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MEDIA VIOLENCE An Examination of Violence, Graphic Violence, and Gun Violence in the Media

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The Parents Television Council’s (PTC) trained media analysts have the unique daily responsibility of logging and analyzing every scene that airs on primetime broadcast television as well as the most explicit basic cable shows. Based upon PTC’s Entertainment Tracking System, content analysis was conducted on the first 4 episodes (equivalent to 1 month of programming per show) of the fall 2012 season. Seven scripted dramas were identified on basic cable that contained the highest amount of violence and graphic violence. The list of shows included: American Horror Story (FX), The Walking Dead (AMC), Sons of Anarchy (FX), Breaking Bad (AMC), Copper (BBC America), Justified (FX), and Bullet in the Face (IFC). Further, PTC analysts conducted content analysis on the first four episodes of the fall 2012 season of the CBS TV-14-rated crime drama Criminal Minds. During the time of our initial data collection Criminal Minds was viewed by many in the entertainment industry, as well as PTC, as the most violent show on broadcast television. Additionally, comparisons were made using the 7 most violent dramas on broadcast television during the current fall 2013 season. Shows included: Revolution (NBC), The Blacklist (NBC), Supernatural (CW), Criminal Minds (CBS), Sleepy Hollow (Fox), CSI (CBS), and Law & Order: SVU (NBC). Two additional shows containing high levels of violent content, Hannibal and The Following, are not included in the study. Given their spring 2013 debut they did not air during either study period and as a result were not analyzed for the purposes of this study.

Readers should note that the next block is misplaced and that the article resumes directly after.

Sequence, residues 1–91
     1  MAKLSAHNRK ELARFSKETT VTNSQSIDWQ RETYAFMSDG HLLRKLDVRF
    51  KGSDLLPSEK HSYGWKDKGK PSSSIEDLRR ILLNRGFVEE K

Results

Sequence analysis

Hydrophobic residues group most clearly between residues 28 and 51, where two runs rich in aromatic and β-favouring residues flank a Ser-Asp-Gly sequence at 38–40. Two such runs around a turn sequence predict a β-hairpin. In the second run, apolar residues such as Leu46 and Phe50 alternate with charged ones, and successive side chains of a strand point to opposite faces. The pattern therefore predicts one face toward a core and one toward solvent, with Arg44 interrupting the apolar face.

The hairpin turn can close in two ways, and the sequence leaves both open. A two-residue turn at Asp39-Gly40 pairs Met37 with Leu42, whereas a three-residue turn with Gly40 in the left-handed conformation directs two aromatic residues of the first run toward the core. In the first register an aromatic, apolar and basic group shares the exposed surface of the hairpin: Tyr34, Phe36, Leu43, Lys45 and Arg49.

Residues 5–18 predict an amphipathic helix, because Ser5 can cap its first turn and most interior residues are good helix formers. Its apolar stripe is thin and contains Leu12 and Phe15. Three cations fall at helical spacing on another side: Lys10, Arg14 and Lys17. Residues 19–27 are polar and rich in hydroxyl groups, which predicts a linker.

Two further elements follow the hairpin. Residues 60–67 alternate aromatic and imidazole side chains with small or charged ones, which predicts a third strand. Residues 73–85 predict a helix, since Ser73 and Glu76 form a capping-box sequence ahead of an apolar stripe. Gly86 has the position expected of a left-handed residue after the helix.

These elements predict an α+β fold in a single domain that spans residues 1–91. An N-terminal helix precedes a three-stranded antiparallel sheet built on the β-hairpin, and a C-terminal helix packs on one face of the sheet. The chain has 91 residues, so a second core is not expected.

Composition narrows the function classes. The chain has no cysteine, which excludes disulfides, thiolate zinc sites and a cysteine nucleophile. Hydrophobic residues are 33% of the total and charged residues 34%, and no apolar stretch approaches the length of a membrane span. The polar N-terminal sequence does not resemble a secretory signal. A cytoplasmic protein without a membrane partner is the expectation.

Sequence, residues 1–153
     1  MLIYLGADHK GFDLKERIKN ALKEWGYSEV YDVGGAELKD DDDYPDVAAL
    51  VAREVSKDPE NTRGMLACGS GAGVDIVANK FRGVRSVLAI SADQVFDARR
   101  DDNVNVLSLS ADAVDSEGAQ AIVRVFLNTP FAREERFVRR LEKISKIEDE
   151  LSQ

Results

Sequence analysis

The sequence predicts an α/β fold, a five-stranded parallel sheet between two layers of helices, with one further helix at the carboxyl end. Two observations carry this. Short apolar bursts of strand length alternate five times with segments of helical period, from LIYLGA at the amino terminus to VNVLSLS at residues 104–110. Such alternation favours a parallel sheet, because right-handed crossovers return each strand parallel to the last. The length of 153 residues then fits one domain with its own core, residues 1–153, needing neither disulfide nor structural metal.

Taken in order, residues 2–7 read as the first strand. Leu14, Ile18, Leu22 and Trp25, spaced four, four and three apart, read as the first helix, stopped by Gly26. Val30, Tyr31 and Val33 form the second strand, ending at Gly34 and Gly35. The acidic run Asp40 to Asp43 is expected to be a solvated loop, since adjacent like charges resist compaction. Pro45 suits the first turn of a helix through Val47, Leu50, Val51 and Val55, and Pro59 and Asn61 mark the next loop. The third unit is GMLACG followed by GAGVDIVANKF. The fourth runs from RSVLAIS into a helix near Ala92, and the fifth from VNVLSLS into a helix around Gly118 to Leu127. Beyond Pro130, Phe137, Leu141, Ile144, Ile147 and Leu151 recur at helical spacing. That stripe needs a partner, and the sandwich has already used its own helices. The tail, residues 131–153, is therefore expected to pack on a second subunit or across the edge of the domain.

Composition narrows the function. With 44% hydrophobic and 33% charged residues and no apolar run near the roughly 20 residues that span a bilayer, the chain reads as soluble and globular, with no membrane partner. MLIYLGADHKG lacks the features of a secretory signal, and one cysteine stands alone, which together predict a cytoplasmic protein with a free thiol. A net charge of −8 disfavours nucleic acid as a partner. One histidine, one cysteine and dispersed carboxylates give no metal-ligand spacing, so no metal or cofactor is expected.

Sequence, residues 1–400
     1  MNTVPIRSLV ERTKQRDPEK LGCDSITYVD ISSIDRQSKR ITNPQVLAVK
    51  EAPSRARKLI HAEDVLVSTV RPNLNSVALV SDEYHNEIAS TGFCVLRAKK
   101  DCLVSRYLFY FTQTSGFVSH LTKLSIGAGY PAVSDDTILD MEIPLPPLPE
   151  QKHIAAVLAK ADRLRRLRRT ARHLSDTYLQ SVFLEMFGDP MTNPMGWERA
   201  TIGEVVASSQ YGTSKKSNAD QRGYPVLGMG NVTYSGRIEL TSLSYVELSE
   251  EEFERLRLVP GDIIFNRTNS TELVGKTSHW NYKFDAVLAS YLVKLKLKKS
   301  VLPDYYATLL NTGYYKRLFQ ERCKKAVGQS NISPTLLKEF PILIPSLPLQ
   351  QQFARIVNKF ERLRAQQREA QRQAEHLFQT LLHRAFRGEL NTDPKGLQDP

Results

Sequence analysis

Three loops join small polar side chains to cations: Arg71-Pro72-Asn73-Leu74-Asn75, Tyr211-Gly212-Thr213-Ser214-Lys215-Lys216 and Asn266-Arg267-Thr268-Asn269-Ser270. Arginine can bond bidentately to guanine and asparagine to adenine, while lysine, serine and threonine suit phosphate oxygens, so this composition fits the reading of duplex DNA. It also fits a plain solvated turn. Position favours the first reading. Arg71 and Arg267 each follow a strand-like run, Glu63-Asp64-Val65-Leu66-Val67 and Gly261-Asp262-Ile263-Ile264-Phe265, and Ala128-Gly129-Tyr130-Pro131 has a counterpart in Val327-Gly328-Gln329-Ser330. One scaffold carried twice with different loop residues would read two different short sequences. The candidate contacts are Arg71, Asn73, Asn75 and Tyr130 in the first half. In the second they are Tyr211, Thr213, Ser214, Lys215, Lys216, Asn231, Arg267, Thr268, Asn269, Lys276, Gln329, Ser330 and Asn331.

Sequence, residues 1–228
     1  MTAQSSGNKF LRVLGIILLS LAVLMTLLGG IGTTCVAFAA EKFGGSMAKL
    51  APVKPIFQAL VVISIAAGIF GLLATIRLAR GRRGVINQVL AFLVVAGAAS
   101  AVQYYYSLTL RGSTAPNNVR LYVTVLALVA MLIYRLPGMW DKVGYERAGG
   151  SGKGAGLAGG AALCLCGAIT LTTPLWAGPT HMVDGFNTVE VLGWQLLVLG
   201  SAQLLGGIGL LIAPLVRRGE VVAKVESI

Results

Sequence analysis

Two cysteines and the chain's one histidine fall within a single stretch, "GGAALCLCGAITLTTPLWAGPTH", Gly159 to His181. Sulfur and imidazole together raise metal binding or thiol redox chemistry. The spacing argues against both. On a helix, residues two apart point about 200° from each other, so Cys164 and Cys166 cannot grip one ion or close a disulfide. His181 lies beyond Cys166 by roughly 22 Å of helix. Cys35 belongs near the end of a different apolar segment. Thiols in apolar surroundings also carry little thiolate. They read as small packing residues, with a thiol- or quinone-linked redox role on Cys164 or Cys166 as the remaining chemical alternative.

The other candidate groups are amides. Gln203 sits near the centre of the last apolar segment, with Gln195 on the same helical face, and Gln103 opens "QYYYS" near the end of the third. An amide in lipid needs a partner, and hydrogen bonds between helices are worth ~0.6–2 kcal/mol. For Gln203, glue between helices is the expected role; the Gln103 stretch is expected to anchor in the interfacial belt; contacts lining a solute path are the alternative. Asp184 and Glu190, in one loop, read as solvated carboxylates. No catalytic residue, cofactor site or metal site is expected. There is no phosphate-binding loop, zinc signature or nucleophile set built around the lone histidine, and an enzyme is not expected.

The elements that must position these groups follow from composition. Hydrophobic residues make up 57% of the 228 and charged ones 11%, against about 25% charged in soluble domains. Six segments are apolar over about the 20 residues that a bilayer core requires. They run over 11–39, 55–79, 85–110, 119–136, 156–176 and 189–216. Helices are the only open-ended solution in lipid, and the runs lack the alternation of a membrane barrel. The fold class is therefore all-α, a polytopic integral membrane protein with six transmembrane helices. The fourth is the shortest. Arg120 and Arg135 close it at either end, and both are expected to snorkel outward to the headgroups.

MAJOR FINDINGS 

Every broadcast show in the study contained violent depictions that qualified for the label “graphic” violence. The shows include: Revolution (TV-14), The Blacklist (TV-14), Supernatural (TV-14), Criminal Minds (TV-14), Sleepy Hollow (TV-14), CSI (TV-14), and Law & Order: SVU (TV-14). NOTE: According to the TV Parental Guidelines a V-descriptor with a TV-14 rating indicates the program may contain intense violence. A V-descriptor with a TV-MA rating indicates the program may contain graphic violence

The following forms of violence comprised 77% of the violent and graphically violent depictions that aired during primetime broadcast on TV-14 rated shows: Child molestation, rape, mutilation/disfigurement, dismemberment, graphic killings and/or injuries by gunfire and stabbings, violent abductions, physical torture, cannibalism, burning flesh, suicide, beatings, guns and bladed weapons that were depicted but not used, and dead bodies.

Although every TV-14 show in the study contained graphic violence and included a V-descriptor for “intense” violence, not one TV-14 show was rated to warn parents of the presence of “graphic” violence.

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MEDIA VIOLENCE An Examination of Violence, Graphic Violence, and Gun Violence in the Media

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Almost 40% of all graphic violence in the study aired on broadcast television (37%).

Based upon shows included in the study , there was only a 6% difference between the amount of violence on cable shows compared to shows that aired on broadcast television (N=1482 and 1392 respectively).

There were a total of 512 guns and bladed weapons depicted across all the broadcast shows examined in the study. Almost 70% of those were guns (67%).